Nissan simultaneously certified three sites to ISO 50001 and SEP (including one recertification), saving close to 1,600 billion Btu as a result. With extensive energy metering already in place, the company spent only 0.4 FTE-year in labor to implement the ISO 50001 EnMS at each site. (May 2017)
Schneider Electric used the enterprise-wide approach to certify 19 sites (including 4 recertifications) to ISO 50001 and SEP. Using its Energy and Sustainability Services group to handle core EnMS tasks, the company cut its implementation labor by three-quarters and cut the timeline by half. (May 2017)
Accurately measuring energy performance allows organizations to predict and plan for energy usage, assess results of energy efficiency activities, and make informed energy-based decisions. These sites share their solutions to M&V challenges to help others.
Cummins’ Rocky Mount Engine Plant (RMEP) faced a modeling challenge where common production throughput and weather variables could not be used to predict the diesel energy consumption. (September 2017)
The HARBEC, Inc. plant in New York uses a mix of energy sources, including a combined heat and power (CHP) plant and onsite wind energy in addition to purchased electricity and natural gas, which made it impossible to model each individual energy source under the traditional approach. (September 2017)
View videos on the business value of SEP and facilities’ experiences with the program.
Learn more about the specific experiences of SEP-certified facilities in diverse sectors. These presentations were produced by SEP participants and reviewed by DOE.
- Cummins, which is implementing SEP across multiple facilities, presented its energy efficiency strategy and how SEP and IS0 50001 fit into its strategy. (September 2015)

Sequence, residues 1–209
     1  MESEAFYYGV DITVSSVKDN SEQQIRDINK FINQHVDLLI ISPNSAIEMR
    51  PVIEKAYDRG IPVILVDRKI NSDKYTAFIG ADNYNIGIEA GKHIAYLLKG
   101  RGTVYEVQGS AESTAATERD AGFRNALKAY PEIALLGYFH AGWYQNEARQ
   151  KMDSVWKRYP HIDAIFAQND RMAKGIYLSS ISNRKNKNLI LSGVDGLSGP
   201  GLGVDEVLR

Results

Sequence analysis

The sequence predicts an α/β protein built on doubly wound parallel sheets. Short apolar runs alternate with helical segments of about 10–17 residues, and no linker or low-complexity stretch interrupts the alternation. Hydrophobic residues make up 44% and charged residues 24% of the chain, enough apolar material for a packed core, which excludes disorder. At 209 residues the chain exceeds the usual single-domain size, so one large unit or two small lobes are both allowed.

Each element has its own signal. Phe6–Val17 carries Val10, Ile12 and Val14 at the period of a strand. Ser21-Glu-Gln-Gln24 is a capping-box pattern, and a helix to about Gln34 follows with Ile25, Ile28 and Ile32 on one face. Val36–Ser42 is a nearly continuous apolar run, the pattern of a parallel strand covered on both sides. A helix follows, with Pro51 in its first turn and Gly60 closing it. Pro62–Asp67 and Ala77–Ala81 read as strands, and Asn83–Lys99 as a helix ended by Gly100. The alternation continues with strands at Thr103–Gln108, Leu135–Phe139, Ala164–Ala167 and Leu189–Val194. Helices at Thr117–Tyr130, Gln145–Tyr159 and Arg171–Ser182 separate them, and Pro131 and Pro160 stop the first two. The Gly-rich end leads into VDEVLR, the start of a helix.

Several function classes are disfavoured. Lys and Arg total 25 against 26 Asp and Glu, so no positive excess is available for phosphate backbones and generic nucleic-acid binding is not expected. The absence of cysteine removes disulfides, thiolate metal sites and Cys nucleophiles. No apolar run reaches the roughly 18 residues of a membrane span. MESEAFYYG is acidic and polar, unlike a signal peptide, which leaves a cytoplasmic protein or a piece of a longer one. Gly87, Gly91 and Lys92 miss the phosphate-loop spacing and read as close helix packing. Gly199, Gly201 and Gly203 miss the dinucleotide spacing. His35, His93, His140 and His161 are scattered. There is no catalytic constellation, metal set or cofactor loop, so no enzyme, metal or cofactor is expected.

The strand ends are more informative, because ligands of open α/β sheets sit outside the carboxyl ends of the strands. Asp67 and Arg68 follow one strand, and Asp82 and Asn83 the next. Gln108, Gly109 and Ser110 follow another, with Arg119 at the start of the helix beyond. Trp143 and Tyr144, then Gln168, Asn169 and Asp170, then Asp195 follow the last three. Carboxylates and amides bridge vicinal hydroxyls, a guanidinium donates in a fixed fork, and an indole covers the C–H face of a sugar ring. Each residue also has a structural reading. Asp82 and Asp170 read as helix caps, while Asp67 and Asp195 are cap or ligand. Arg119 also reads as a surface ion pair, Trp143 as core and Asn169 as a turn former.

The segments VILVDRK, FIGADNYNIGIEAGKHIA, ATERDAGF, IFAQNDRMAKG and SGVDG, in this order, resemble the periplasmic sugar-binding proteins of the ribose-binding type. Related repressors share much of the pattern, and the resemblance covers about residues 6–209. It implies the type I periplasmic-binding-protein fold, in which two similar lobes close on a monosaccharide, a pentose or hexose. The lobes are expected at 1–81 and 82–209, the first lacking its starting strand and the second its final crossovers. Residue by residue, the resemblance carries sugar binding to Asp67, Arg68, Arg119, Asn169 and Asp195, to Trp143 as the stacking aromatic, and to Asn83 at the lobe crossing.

- The Cummins Rocky Mount Engine Plant shared its experiences in achieving SEP certification—challenges, benefits, and next steps. (September 2015)
- Schneider Electric presented the costs and benefits of implementing SEP at the enterprise-wide level as part of the company’s energy management strategy. (September 2015)
- The company described its five-phased process to implement SEP and shared tips and experiences along the way. (May 2014)
Harbec, a small company, has aggressively pursued alternative energy sources including renewable energy and combined heat and power. This case study demonstrated how the SEP M&V Protocol was able to effectively model this diverse energy supply and to demonstrate a meaningful measure of energy performance improvement. (September 2015)
At the September 2015 Green Electronics Council Emerging Green Conference, DOE’s presentation focused on SEP’s opportunity to improve energy efficiency of electronics manufacturing processes and the overall environmental footprint of an electronics product life cycle. Also at the conference, 3M Company highlighted the role of SEP in its corporate energy efficiency goals and the company’s contributions to sustainability in the electronics industry.
MedImmune highlighted its SEP certification successes and described how the energy team at its Gaithersburg, MD facility used the M&V Protocol to adjust for a major expansion of a new building that changed energy consumption on site as they achieved SEP certification. (June 2015)
3M Canada Brockville, Ontario, an SEP Platinum certified plant, shared its SEP implementation process, results of its gap analysis, key work plan activities, and other advice. (May 2014)
Harbec Plastics described its broad range of activities to improve energy efficiency, earning SEP Platinum certification for its Ontario, NY facility. (May 2014)
3M Company achieved SEP certification at its facilities in Cordova, IL, and Brockville, Ontario, Canada by substantially improving their energy performance and sustaining those energy savings over the long term. (October 2012)
Nissan implemented SEP to reduce its energy use by 7.2% over 3 years and achieve a four-month payback at its vehicle assembly plant in Smyrna, TN. (October 2012)
Volvo Trucks involved a variety of employees on its energy team to improve its energy performance by more than 25% over 3 years. (October 2012)